Julius Ramsay’s directorial debut thriller, Midnighters, seems to be tiptoeing toward greatness as it establishes its classically suspenseful premise: A quarreling couple hit a pedestrian with their car and take the dead man back to their house, only to realize that he may actually have been on his way to kill them. It’s the kind of first act that sets up big, rousing questions. Unfortunately, the answers are far less interesting than your speculations.

Married couple Lindsey (Alex Essoe) and Jeff (Dylan McTee) can’t even hide their animosity for one another on New Year’s Eve. Lindsey “celebrates” at the bar where she works, while Dylan impatiently waits for her outside. The Jeff-is-a-dick alarms are already shrieking when the two drive home and Jeff attempts to Band-Aid their fight with an inappropriate sexual come-on. In perfect horror-movie fashion, he’s punished for his misdeeds when, distracted, he hits a pedestrian on the winding, woodsy road leading to the couple’s remote home. Now they’ve got this mess to deal with, something like an I Know What You Did Last Summer but without supernatural stakes. Rather, there is real-world danger, because a crime syndicate is after Lindsey’s wild-child sister, Hannah (Perla Haney-Jardine), and the three of them are sitting ducks for murderers but can’t go to the police because they’ve got a body rotting in the garage. Ah! Exciting! This should make for a tense home-invasion thriller!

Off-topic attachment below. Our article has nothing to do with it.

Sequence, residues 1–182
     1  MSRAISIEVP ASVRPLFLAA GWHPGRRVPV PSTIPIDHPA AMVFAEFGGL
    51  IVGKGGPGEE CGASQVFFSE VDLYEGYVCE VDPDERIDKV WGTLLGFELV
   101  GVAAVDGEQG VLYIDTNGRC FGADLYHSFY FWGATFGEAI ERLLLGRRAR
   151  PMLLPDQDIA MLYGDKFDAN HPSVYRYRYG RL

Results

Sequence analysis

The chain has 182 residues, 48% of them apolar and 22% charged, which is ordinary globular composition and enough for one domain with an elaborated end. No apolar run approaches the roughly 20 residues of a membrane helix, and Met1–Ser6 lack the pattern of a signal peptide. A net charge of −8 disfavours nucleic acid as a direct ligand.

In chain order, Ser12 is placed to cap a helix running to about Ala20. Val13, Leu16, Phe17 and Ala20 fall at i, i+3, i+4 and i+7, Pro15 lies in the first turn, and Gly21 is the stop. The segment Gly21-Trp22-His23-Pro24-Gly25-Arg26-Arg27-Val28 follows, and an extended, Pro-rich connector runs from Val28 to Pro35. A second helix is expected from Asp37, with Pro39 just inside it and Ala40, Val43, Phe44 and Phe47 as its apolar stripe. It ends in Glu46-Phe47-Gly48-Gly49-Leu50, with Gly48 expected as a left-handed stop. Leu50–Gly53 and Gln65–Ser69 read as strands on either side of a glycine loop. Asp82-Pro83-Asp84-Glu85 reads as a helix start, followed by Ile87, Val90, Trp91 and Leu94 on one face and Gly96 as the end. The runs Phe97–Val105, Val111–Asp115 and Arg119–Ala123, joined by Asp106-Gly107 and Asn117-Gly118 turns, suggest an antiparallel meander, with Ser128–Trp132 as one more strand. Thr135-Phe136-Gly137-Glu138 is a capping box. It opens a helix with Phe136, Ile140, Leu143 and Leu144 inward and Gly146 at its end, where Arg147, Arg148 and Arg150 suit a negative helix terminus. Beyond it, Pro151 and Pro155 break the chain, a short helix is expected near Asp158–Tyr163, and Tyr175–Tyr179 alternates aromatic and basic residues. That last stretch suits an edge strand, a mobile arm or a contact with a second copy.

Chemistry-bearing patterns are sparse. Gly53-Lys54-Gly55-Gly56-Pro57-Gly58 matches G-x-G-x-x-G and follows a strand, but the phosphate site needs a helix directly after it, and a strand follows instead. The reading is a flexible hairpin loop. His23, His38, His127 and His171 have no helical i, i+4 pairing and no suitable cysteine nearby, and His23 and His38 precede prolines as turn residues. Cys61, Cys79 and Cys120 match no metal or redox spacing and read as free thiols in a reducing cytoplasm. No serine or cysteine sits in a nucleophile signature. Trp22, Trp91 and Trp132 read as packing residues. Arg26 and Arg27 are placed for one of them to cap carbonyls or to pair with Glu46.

It doesn’t.

Alston Ramsay’s script sets the action in a house under construction — a choice explained away as evidence of Jeff’s inability to finish a project or make the money to pay others to do it. What’s disappointing is that the setting isn’t woven into the suspense; think of all the plastic construction and painting sheets hanging from unfinished walls and flapping in the wind, and how eerie the sound and visuals would be. Instead, we get only a glimpse of them and spend most of our time in the finished part of the house. So why even include it?

Midnighters finds some redemption in its lagging middle with the entrance of a villain whose ear-to-ear smile is almost Gary Busey-toothy. Played by Ward Horton, clean-cut thug Smith possesses the charm of an American psycho, the kind of guy who could pass for either a preacher or a serial killer. But while Smith is a welcome breath of rancid air and a worthy adversary for the strong-willed Lindsey — he keeps making mention of their zodiac signs and how compatible they are — the script doesn’t even give them a chance to really, physically battle it out.

In one scene, Smith intimidates Lindsey by trailing her closely around the kitchen and demanding, too politely, that she make him a cup of coffee. That cat-and-mouse play is compelling and creepy but ends too quickly, with Lindsey just getting tied to a chair and beaten. Watching a guy repeatedly punch a woman while she’s incapacitated is far less interesting than watching the two match wits on equal footing. At times, it seems as if the Ramsays have forgotten the potential of the simple story they set up in the first act, opting instead to complicate the narrative unnecessarily. Still, Midnighters does have potential and is worth a watch if only for a peek at Horton’s unnerving performance.

LA Weekly